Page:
Nosferatu is a German silent horror film from 1922, divided into 5 acts. The first act starts with an extract from the diary of Johan Cavallius, a historian.
From the diary of Johan Cavallius, able historian of his native city of Bremen:‘
Nosferatu! That name alone can chill the blood!
‘Nosferatu! Was it he who brought the plague to Bremen in 1838?
‘I have long sought the causes of that terrible epidemic, and found at its origin and its climax the innocent figures of Jonathon Harker and his young wife, Nina.’
This is an authoritative argument with which the filmmakers want to prove that the story really happened and to make the film more exciting. What also contributes to the suspense is the book about vampires that one of the main characters, real estate agent Harker, reads from. From that book we also get essential information about Nosferatu himself; many myths and legends are confirmed and debunked. The book confirms the well-known fact that vampires live at night and sleep in coffins during the day. It is then added that the coffins are filled with the same unholy soil in which the vampire was buried. Another well-known fact is that vampires have no shadows, but Nosferatu does have a shadow . There is a lot of play with light effects and shadows: Count Orlok appears from nowhere, his shadow attacks Nina, …
Nosferatu is one of the first horror films ever made. The film might not seem so scary right now. However, there are several scary elements present, like the ghost ship and castle to name a few. This film also brought about several fantasy movie cliches. Like the hunchback, the loyal sidekick of the evil mastermind, for example. It is already clear that there is more to the film than meets the eye. There is even a fairytale element in this German horror: when Harker escapes from the tower room where Nosferatu had locked him up to save his wife, he does this in true Rapunsel style by tying all sheets together and crawling out the window.
“Nosferatu, a Symphonie des Grauens” was made in 1922, by F.W. Murnau who then worked for UFA-Decla. Short for “Universum Film Aktiengesellschaft”, UFA is a government company founded to bring order to the widely spread out film industry. After the success of “The Cabinet of Dr. Caligari”, Decla was incorporated by UFA, and the company changed its name to UFA-Decla. This collaboration produced many films, including Nosferatu. Decla’s “Cabinet” alluded to the painting style of the time: expressionismus, which manifested itself in very abstract and stylised sets and acting performances. Nosferatu also belongs to German expressionism; where it focuses less on sets and settings (because the film largely takes place outside), but more on the stylised figures and the acting. This is a very exaggerated and portrayal style, and we can clearly speak of overacting here. Yet the characters appear very stately and even motionless. This is because overacting is mainly noticeable in the facial expressions of the actors, and hand movements are also exaggerated. Typical of this period are the black screens with statements and surrounding texts to make it easier to follow the film. At some point this technique is even used as cross-cutting. We switch from the castle at Harker and Nosferatu to a dreaming Nina. The text provides the transition here, as we move from one storyline to another. It is also very reminiscent of the comic strip, where you often have intertitles like that (meanwhile, while, …).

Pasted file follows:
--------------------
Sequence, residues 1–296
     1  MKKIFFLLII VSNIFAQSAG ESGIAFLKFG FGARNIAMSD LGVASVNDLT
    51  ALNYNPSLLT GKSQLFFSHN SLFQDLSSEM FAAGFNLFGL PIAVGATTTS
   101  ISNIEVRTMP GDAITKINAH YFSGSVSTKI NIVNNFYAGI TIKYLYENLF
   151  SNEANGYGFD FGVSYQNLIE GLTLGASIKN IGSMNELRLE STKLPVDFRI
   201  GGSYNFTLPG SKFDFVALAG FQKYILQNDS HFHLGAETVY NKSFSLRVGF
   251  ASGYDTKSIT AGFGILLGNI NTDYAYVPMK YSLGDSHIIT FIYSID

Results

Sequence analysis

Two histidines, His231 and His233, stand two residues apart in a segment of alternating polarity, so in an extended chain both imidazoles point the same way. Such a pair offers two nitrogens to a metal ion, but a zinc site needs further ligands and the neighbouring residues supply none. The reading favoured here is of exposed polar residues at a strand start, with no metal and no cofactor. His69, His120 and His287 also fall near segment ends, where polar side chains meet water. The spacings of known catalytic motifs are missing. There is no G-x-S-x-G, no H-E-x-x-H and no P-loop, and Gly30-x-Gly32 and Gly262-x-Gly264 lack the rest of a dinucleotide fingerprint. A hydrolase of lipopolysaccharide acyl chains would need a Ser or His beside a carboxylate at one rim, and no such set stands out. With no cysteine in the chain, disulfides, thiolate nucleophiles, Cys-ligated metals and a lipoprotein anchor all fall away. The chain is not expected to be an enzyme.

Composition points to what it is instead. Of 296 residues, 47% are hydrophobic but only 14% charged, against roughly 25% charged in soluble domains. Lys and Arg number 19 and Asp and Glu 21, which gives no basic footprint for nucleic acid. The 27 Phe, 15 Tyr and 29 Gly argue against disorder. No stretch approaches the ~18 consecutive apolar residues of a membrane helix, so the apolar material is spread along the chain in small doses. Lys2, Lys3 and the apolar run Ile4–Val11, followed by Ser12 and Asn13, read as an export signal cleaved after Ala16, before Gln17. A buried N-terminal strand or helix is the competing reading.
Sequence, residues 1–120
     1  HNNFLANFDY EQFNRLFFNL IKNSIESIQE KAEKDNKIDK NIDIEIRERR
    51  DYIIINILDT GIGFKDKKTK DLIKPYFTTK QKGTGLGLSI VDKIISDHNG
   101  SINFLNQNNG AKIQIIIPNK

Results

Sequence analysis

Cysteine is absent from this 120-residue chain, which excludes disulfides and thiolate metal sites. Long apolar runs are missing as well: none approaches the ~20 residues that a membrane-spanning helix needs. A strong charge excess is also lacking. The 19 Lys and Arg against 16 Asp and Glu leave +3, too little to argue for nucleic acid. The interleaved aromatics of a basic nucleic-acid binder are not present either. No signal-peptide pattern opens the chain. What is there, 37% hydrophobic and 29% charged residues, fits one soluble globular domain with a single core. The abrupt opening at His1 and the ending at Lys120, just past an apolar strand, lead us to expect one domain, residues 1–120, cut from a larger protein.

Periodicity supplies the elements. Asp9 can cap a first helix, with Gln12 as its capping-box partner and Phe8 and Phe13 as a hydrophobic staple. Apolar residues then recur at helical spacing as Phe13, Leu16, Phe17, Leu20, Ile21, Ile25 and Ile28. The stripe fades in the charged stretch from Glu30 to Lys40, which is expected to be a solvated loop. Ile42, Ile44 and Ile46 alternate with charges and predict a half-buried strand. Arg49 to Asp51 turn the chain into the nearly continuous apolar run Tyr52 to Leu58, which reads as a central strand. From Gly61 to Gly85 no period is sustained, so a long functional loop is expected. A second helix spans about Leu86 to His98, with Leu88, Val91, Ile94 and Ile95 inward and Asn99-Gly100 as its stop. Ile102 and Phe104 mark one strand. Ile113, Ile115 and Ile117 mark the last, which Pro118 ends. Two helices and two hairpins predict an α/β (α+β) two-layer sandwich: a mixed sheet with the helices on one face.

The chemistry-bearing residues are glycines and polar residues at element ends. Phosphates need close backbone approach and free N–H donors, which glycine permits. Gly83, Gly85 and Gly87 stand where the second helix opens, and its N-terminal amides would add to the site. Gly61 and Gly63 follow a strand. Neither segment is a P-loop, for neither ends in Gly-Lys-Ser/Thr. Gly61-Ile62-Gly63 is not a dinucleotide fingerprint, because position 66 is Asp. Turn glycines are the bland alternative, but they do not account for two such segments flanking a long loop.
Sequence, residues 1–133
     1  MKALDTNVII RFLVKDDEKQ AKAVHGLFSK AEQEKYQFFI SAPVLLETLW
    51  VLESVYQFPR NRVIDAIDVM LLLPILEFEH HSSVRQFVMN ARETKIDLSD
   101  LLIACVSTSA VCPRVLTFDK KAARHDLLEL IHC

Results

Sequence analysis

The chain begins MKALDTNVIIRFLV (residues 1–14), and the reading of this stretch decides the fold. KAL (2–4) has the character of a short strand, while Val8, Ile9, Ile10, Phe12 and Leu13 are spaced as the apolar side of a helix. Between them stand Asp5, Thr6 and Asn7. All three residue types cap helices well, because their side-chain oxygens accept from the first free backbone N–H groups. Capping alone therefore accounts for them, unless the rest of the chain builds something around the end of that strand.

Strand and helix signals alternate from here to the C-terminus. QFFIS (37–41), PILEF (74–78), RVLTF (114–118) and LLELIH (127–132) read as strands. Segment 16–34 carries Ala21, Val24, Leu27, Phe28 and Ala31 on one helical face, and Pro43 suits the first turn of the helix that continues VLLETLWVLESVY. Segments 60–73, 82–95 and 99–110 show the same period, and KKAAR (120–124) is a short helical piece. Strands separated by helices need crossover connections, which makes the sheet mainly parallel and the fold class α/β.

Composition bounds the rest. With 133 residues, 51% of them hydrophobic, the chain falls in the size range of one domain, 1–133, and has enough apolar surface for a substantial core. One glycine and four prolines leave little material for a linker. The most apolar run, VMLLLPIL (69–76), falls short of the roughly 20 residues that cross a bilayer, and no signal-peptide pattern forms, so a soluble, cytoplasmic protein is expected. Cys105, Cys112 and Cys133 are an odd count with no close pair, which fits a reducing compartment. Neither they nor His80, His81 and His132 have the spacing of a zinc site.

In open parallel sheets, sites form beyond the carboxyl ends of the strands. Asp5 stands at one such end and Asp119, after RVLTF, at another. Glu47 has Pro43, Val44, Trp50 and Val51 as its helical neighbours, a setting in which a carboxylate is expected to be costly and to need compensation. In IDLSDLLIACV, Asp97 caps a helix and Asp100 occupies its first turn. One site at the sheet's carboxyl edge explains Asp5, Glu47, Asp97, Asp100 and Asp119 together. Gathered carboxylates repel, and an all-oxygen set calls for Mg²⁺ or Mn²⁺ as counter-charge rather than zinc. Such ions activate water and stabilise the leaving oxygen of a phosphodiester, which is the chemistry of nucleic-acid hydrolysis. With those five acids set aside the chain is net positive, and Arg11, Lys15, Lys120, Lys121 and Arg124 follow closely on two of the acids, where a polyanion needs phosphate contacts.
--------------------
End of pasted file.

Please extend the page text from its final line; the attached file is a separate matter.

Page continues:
It is clear that “Nosferatu, a Symphonie des Grauens” has had a lot of influence on the film industry in general, but also on the horror genre, and especially vampire films specifically. A good example of this lasting influence is the 1994 film “Interview with the Vampire” by Neil Jordan. Louis (played by Brad Pitt) is a vampire who at one point is sitting in an old theater watching movies, and here they show a piece from Nosferatu.